How do you establish a rapport with a student that you’ve never met in person, especially when they show up a couple minutes late to a virtual class and I have already started working with the kids in studio? We are offering in person or virtual options to all our students. ~ Beth T.
Awesome question. I did a Parent Q&A on Zoom a few weeks back for new families at my studio, Grooves Unlimited in Livingston, NJ, and I had a parent ask me this. They said, “my child is new, this is their first year dancing with you, how are you going to make sure that she’s engaged and feels a part of the class?”
Quite the coincidence because I just came off a Team Retreat with my Team where we brainstormed in depth about the importance of building a sense of community with Zoomers who are participating in our Hybrid Dance Program.
First thing’s first, I would get them to show up on time and explain to the parent how important that time at the start of class is. This is when you take attendance and ask the kids a question, like “when I call your name, I want you to share with us your favorite subject in school… or one weird fact about yourself…” whatever that conversation starter is. and it’s proven to be awesome and very helpful in making that connection. But overall, I recommend a lot of engaging questions, and giving dancers the chance to unmute and answer the question, or a one-at-a-time demonstration.
In my Hybrid class today, we did a warm-up and then I had everyone go one at a time to share which part of the warm-up was most challenging to them, and the Zoomers unmuted and shared too. Everyone had a chance to connect and share.
How to not get exhausted teaching over zoom, I found each class took more energy than an in person class ~ Rone A.
This is real! Zoom tap classes are a whole different energy. You have to be “on” at all times, where in the studio, you can take small breaks here and there when you go to change your music, or give your students a couple minutes to practice and work it out on their own. Zoom classes definitely take more energy than an in-person class.
I found that when I accepted the reality of that, that it became less exhausting… which sounds a bit silly. Acknowledge that it’s different, and that it takes more effort, and prepare accordingly. Make sure you’re in the right headspace to kick off your Zoom class.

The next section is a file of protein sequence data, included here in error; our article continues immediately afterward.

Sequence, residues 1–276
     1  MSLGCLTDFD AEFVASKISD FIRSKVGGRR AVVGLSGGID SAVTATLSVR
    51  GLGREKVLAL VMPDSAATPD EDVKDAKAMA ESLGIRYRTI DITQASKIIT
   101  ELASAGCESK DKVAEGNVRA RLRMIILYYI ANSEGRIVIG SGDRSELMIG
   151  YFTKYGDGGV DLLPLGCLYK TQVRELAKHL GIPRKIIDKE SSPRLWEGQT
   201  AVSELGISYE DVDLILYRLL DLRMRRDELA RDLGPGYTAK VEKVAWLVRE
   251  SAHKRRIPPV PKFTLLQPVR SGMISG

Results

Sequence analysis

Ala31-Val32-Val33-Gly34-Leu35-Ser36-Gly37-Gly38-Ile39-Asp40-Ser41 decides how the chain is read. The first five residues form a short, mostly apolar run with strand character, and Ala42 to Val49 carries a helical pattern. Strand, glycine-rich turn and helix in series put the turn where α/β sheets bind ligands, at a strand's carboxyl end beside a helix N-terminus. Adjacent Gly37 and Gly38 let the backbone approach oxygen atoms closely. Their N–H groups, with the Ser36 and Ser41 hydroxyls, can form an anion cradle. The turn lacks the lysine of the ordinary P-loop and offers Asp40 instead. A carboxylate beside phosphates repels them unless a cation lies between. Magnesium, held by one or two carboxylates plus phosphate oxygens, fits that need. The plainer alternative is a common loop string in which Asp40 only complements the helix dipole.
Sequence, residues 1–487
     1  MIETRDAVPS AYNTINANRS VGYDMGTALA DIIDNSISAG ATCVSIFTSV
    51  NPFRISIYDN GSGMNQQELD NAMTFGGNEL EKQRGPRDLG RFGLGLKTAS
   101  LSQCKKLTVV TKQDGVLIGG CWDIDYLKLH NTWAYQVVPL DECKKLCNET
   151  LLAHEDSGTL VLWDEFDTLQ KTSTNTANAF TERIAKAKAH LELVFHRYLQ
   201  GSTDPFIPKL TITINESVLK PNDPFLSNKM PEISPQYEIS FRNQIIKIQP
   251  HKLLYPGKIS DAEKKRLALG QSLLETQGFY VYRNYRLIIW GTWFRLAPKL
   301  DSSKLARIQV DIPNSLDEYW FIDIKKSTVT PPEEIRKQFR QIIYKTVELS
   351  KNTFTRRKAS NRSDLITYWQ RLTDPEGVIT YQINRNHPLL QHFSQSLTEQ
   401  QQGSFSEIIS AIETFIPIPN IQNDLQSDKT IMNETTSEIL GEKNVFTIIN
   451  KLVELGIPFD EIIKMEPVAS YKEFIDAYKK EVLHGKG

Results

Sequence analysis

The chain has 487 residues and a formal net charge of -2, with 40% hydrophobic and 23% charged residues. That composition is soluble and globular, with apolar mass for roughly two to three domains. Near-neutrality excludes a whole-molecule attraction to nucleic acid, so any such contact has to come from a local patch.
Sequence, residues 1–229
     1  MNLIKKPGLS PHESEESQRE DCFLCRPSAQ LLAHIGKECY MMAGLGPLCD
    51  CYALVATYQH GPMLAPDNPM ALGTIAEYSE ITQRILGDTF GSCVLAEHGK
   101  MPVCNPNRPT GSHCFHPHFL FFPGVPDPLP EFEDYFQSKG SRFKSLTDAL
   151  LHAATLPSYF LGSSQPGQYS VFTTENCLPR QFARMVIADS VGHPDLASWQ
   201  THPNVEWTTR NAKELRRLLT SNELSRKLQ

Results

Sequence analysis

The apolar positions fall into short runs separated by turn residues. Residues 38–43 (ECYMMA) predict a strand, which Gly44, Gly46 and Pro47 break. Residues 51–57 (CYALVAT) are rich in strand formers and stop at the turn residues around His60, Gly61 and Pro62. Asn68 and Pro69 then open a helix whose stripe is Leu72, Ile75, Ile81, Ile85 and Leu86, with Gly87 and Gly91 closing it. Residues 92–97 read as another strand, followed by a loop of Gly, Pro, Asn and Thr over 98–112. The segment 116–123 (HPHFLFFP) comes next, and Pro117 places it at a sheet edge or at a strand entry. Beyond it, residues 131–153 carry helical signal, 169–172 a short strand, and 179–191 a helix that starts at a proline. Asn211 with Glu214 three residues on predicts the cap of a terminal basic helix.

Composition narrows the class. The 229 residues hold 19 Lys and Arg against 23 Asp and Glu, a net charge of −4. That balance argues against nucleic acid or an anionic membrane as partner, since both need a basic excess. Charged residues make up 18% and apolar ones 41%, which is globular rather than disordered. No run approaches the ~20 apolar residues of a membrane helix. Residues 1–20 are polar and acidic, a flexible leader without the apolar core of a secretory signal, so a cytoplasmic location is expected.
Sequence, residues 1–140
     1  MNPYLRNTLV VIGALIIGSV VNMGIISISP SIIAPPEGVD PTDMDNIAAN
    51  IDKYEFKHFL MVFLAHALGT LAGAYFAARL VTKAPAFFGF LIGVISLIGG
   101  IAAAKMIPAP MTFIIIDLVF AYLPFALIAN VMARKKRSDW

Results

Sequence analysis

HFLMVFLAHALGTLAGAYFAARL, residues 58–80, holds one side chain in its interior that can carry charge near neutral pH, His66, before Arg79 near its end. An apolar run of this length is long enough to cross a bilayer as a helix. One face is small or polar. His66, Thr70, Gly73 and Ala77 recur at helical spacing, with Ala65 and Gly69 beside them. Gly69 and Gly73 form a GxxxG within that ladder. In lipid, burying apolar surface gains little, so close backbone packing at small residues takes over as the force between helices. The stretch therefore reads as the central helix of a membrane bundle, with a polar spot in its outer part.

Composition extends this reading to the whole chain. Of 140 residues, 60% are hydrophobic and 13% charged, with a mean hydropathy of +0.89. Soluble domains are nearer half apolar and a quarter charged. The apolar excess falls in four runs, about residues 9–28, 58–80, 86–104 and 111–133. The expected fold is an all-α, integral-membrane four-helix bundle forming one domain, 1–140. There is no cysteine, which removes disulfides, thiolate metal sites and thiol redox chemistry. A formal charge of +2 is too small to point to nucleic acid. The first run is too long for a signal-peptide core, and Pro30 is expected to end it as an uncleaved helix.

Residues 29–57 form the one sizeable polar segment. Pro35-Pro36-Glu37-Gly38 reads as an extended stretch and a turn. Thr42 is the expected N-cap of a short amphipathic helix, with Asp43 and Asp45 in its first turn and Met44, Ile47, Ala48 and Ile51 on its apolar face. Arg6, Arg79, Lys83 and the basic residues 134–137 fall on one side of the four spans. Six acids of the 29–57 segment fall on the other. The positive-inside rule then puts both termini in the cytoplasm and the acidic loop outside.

I teach 3 weekly tap classes on Zoom for iTapOnline Members, and I’m loving it. It physically and mentally takes more effort and energy than an in-studio class, but I’m enjoying the challenge. And I set it up so I’m not spending too much time on the computer before or after those classes. And I make sure I’ve eaten a good meal before those classes, and that I’ve got my water on hand, and that my tech set-up is ready to go well before class starts so I can enjoy the experience.
One thing that worked great for the kids classes back in the Spring, we used breakout rooms in Zoom. And the kids would review their choreo together and practice together, and that was great, because they were still 100% engaged in class, but they weren’t engaged directly with their teacher, they were engaged with each other. Turning on the break-out rooms feature on Zoom could help give you the breather you’re looking for.
Has anyone tried Google Meet instead of Zoom? If so what did you think?
All of these platforms are very similar, and whatever issues you have with one, you’re going to have with another, or maybe you’ll solve one problem but trade it for another. I’ve looked into and considered other platforms, but at the end of the day, everyone knows how to Zoom right now, so it’s best to stick with what people know rather than teaching them how to use a new platform.
When I kicked off the iTap Teacher Training Program over a year ago, we were using Zoom, and it was hard for everyone to get adjusted to in the beginning. Every graduating class, those first couple weeks were tricky, teaching everyone how to use and get comfortable with Zoom. And look at everyone now! They’re totally good to go with it. My mom even knows how to use Zoom. It’s best to stick with the tech platform that everyone’s most comfortable with.
Tips for finding teaching jobs? I’ve cold emailed a few studios but is there a better way to go about it? ~ James D.
We ignore every single one of those emails that gets sent to my studio. Some studios may rely on those to find teachers, but I don't think that's the best way to find the best teacher for your dance program. Most studio owners delete them from their inbox.
Every day, I have dance studios messaging and emailing me that they're looking for tap teachers. The jobs are out there, but you don't find them the same way that you find day jobs. Most teaching gigs are found by word of mouth, facebook groups or postings on sites like Indeed, Dance Teacher Finder, etc.
But facebook groups are probably my top recommendation. Search dance teacher, dance studio, search your state name, search U.S.A., you'll find that dance studio owners and teachers are living in those specific facebook groups and that's where studio owners post jobs, and it's also where teachers say "hey! I'm over here if you need me!"
Subbing is also a great way to move into a teaching position. Let the fellow teachers in your life know that you're looking to teach now and that you're available to sub. They'll have you in mind as a recommendation next time someone asks them if they know anyone available to teach on Wednesday nights.